Rabbi Huna continues, “When his father came and caught him engaged in lewd behavior, he began to shout…But his friend who was there said: ‘You ruined this youth’s character and yet you shout at him! You ignored all other professions and opened a shop for him just in a street where prostitutes dwell!’
In other words: does the father not bear some of the guilt in this case?
“This is what Moses said: “Lord of the Universe! You ignored the entire world and caused your children to be enslaved only in Egypt, where all worshipped lambs, from whom Your children learned (to do corruptly). It is for this reason that they have made a Calf! … Bear in mind whence You have brought them forth!”
We pick up cues from our environment as to what constitutes appropriate behavior. After spending years in a place that worshipped idols, the Israelites naturally would think that such behavior was entirely appropriate to the situation.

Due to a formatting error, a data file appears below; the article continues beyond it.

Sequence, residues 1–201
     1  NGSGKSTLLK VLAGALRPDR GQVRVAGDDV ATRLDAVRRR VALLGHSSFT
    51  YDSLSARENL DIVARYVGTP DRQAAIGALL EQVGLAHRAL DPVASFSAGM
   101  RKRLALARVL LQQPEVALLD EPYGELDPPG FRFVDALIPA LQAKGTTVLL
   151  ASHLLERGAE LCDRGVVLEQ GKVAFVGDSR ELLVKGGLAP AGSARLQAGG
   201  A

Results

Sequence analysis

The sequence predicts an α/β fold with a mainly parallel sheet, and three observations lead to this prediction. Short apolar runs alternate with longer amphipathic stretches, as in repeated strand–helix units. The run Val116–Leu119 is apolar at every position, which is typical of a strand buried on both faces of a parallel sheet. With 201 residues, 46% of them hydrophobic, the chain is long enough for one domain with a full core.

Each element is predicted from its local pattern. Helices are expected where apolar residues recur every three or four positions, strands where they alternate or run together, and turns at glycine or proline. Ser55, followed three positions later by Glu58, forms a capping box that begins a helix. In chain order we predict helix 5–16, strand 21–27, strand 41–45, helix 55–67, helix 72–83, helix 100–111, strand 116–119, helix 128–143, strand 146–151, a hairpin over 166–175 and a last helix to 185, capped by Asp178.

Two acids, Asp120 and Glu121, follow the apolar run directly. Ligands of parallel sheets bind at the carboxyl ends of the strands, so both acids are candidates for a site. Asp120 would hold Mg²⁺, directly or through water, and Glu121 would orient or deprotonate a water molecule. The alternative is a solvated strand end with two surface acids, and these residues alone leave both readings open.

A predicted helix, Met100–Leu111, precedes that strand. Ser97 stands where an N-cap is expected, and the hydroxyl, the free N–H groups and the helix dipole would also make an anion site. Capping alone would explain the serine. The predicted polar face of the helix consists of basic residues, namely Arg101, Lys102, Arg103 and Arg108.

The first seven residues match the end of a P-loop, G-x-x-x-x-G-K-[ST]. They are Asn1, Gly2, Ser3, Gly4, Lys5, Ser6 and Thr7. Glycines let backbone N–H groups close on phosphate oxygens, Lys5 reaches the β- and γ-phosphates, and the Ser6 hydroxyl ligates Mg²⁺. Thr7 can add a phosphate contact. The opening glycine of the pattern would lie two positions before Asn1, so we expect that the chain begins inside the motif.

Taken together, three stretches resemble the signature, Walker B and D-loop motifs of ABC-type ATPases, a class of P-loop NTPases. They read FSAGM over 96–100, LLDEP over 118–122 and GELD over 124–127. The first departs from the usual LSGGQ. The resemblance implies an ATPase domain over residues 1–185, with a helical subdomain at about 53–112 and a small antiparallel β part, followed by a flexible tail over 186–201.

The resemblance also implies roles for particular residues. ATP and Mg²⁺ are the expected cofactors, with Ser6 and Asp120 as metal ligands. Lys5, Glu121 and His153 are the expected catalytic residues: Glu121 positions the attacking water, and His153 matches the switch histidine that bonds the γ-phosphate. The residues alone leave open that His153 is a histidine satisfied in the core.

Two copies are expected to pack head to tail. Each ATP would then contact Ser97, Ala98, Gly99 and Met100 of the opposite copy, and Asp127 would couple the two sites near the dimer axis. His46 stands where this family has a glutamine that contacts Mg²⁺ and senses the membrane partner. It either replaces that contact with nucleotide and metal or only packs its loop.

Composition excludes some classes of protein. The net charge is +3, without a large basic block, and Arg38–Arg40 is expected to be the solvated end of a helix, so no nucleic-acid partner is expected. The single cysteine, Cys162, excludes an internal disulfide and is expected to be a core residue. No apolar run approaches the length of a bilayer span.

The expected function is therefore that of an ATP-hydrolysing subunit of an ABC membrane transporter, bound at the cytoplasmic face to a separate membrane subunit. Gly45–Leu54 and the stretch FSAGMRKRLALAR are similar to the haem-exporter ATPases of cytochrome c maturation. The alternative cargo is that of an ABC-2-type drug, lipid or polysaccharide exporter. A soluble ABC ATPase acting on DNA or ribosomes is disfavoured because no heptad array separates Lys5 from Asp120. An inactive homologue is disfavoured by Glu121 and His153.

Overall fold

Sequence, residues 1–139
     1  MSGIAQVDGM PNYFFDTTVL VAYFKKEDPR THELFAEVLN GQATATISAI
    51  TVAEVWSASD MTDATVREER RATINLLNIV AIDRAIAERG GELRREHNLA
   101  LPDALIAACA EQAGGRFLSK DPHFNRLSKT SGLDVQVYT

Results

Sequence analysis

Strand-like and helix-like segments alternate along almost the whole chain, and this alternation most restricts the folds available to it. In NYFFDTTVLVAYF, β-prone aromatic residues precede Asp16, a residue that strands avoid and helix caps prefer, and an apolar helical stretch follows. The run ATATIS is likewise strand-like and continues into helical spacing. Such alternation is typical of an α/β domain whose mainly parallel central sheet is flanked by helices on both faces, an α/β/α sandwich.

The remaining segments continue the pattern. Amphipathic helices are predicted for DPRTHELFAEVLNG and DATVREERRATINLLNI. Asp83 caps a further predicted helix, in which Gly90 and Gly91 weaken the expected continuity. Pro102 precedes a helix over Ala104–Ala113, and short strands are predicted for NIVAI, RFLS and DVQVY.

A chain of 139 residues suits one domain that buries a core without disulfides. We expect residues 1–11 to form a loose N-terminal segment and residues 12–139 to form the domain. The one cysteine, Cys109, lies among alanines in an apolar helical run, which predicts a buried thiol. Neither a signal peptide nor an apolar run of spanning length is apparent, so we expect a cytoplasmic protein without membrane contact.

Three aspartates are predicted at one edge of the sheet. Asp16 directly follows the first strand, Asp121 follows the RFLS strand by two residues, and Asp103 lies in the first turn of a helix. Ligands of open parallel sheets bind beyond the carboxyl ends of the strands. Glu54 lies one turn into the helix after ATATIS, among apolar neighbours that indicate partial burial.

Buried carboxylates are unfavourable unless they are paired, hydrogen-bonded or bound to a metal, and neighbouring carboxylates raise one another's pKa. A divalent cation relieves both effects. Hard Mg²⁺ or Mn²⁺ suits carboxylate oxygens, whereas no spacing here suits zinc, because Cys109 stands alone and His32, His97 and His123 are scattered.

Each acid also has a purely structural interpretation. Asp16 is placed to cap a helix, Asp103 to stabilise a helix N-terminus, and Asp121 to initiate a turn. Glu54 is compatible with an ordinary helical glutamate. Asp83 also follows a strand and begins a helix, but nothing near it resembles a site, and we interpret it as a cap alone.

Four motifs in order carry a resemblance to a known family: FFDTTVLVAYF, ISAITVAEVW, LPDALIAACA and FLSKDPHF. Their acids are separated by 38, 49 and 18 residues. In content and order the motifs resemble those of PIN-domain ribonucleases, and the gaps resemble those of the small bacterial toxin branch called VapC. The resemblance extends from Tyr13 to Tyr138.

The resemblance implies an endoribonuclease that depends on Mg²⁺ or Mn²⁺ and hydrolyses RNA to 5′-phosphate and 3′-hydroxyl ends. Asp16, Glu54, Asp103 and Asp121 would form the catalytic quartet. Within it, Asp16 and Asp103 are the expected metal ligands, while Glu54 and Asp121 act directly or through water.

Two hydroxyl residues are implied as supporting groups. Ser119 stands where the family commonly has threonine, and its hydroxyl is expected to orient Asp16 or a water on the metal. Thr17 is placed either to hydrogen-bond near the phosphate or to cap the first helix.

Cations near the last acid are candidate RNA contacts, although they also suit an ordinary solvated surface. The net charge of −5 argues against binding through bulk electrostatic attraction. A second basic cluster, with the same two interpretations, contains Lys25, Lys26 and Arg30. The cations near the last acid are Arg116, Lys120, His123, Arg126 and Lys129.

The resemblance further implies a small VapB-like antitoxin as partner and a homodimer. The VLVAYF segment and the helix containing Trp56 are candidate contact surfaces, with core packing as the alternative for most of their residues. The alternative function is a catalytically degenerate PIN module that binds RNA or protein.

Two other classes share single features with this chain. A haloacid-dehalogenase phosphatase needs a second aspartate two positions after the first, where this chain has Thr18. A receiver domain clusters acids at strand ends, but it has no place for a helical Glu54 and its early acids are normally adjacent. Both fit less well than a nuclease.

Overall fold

This year, Miley Cyrus was one of the ten finalists for Time Magazine’s Person of the Year. Ultimately, she did not win: they chose Pope Francis, a much better choice from my perspective. But it is interesting that she was one of the possibilities.
If you do not follow pop culture particularly closely, you might not know who she is. But if you are under 12 and female, it is very likely that you know her work. She spent a number of years as a Disney darling, starring in the show “Hannah Montana” about a teenager who has a double life as a pop star. In the show, she is a brunette who wears a blonde wig when she performs, so all of her friends are unaware of her star status. As if none of them were smart enough to recognize her.